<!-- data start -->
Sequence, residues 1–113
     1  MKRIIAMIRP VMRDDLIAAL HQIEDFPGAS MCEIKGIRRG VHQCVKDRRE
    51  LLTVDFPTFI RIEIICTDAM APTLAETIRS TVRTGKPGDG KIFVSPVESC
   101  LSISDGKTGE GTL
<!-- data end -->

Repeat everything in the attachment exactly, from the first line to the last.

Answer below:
Sequence, residues 1–113
     1  MKRIIAMIRP VMRDDLIAAL HQIEDFPGAS MCEIKGIRRG VHQCVKDRRE
    51  LLTVDFPTFI RIEIICTDAM APTLAETIRS TVRTGKPGDG KIFVSPVESC
   101  LSISDGKTGE GTL